By the way, WARC has just released a great report called The Anatomy of Effectiveness that you can download for free at their #makeitwarc website here.
But back to the Plannerthon.
The first couple of talks focused a lot on customer experiences, which apparently is a new think signified by a special code called CX.
To call it ‘The Age of Experiences’ is ridiculous. Isn’t that what it has always been about?
Anyway, there is some great news for all those people who hate planners. According to WARC research among 800 strategists, 63% do not expect their next job to be in an agency.
But it’s bad news if the industry loses the sort of talent great planning can deliver.
Emma: Not many would argue about the undoubted talents of the first speakers I saw at the WARC day.
According to Rob Campbell and Martin Wiegel, we need more chaos and less engineering to get the really good ideas that will create change.
What could be more chaotic than filling your agency with loads of different minds and types of people? The energy would be electric.
Bring back dangerous ideas, they said. Ideas that are bigger than advertising and scare the crap out of the establishment, like the ‘insane’ overtaking button on the Tesla.
Paul: Rob and Martin form a good double act. They’ve formed a venture called The School of Strategic Artists. Can’t wait to see more about that.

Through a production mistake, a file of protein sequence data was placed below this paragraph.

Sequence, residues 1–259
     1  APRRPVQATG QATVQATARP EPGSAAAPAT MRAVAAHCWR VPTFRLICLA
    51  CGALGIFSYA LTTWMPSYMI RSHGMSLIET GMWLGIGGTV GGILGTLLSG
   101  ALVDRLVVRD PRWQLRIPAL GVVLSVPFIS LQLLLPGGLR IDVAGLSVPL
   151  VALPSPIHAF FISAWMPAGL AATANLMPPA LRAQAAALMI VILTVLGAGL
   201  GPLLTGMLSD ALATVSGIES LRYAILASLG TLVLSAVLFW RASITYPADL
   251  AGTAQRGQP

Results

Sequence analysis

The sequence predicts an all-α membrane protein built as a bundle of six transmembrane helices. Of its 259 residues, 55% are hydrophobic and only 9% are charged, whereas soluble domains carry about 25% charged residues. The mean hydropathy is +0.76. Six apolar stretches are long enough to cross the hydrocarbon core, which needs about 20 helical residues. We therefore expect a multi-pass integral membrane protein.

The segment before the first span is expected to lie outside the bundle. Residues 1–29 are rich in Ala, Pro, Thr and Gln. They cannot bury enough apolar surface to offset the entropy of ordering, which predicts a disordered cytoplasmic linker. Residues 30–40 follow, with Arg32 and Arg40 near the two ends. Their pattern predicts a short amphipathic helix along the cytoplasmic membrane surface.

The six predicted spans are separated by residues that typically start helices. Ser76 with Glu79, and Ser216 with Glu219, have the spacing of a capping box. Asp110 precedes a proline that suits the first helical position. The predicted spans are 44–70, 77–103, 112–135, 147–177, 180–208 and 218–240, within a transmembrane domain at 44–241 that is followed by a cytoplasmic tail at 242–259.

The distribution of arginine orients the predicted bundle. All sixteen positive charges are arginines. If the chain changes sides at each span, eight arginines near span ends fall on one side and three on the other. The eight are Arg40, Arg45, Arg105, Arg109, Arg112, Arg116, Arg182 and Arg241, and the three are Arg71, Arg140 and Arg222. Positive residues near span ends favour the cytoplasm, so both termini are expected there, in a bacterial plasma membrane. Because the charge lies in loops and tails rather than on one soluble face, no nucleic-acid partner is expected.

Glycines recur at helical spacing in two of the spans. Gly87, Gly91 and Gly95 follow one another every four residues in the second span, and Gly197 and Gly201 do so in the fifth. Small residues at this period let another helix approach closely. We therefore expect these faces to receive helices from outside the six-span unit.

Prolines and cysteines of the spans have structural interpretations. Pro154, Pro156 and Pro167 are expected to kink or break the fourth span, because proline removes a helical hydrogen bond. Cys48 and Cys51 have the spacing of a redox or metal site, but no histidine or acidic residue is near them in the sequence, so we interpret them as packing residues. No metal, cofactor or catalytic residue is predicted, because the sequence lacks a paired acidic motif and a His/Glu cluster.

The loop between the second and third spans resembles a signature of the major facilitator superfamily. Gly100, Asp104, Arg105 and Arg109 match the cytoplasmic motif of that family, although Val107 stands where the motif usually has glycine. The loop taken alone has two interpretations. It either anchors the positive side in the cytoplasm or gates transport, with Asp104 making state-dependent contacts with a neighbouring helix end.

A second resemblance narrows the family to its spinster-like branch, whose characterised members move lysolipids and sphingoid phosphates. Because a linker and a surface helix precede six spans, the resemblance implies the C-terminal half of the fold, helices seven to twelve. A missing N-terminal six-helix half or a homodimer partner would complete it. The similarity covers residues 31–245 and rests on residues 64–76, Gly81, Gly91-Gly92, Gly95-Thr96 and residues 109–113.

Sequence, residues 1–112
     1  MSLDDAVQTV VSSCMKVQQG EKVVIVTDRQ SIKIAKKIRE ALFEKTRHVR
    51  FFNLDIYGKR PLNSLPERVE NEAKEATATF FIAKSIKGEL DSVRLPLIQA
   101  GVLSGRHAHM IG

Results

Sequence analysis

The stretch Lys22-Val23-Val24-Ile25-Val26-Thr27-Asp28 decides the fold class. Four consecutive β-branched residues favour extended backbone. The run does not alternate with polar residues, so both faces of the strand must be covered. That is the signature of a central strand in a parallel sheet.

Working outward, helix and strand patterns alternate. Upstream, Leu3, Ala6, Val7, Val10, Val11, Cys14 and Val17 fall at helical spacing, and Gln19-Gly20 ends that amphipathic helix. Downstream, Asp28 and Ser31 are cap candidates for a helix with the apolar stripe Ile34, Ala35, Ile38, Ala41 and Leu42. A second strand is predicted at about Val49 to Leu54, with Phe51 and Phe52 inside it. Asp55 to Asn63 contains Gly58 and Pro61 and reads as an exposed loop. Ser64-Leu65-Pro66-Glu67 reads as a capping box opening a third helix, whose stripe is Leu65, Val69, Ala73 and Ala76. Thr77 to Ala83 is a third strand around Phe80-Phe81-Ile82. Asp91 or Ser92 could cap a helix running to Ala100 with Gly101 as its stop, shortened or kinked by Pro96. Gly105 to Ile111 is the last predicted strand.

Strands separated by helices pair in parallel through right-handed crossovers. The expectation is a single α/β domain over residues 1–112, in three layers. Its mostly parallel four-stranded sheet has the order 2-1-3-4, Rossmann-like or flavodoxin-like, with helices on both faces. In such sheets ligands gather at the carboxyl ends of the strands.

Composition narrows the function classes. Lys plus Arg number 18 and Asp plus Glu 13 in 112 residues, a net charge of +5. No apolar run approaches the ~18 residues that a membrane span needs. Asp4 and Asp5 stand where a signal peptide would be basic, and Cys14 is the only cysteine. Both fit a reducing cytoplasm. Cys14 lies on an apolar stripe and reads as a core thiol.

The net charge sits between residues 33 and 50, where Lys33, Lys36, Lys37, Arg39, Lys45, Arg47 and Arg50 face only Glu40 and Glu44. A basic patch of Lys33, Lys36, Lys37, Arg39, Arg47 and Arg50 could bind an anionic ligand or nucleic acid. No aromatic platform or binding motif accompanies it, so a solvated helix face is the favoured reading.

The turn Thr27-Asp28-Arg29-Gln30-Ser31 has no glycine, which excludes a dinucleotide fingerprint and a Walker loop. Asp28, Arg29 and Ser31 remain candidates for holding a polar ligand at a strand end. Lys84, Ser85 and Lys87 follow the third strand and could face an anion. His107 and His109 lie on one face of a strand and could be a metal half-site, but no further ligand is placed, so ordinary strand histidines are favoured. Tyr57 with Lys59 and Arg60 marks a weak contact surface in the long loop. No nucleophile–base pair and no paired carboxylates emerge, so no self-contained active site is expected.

A few points worth thinking about:
- – Consulting firms are buying competencies they don’t understand (which may or may not be true)
- – ‘Best Practice’ means everything sounds and looks the same
- – We’re more obsessed with the distribution of ideas than the ideas themselves
- – Corporations are always about stability and control, which stifles creativity
- – More data cannot save us
- – Dissent is our only protection against mindless herd behaviour
- – Be interested in what others are interested in
- – Planners should not try to impose their will, just give creatives a problem to solve (although I think we need to at least help then start to solve it) and they should stop thinking they’re Yoda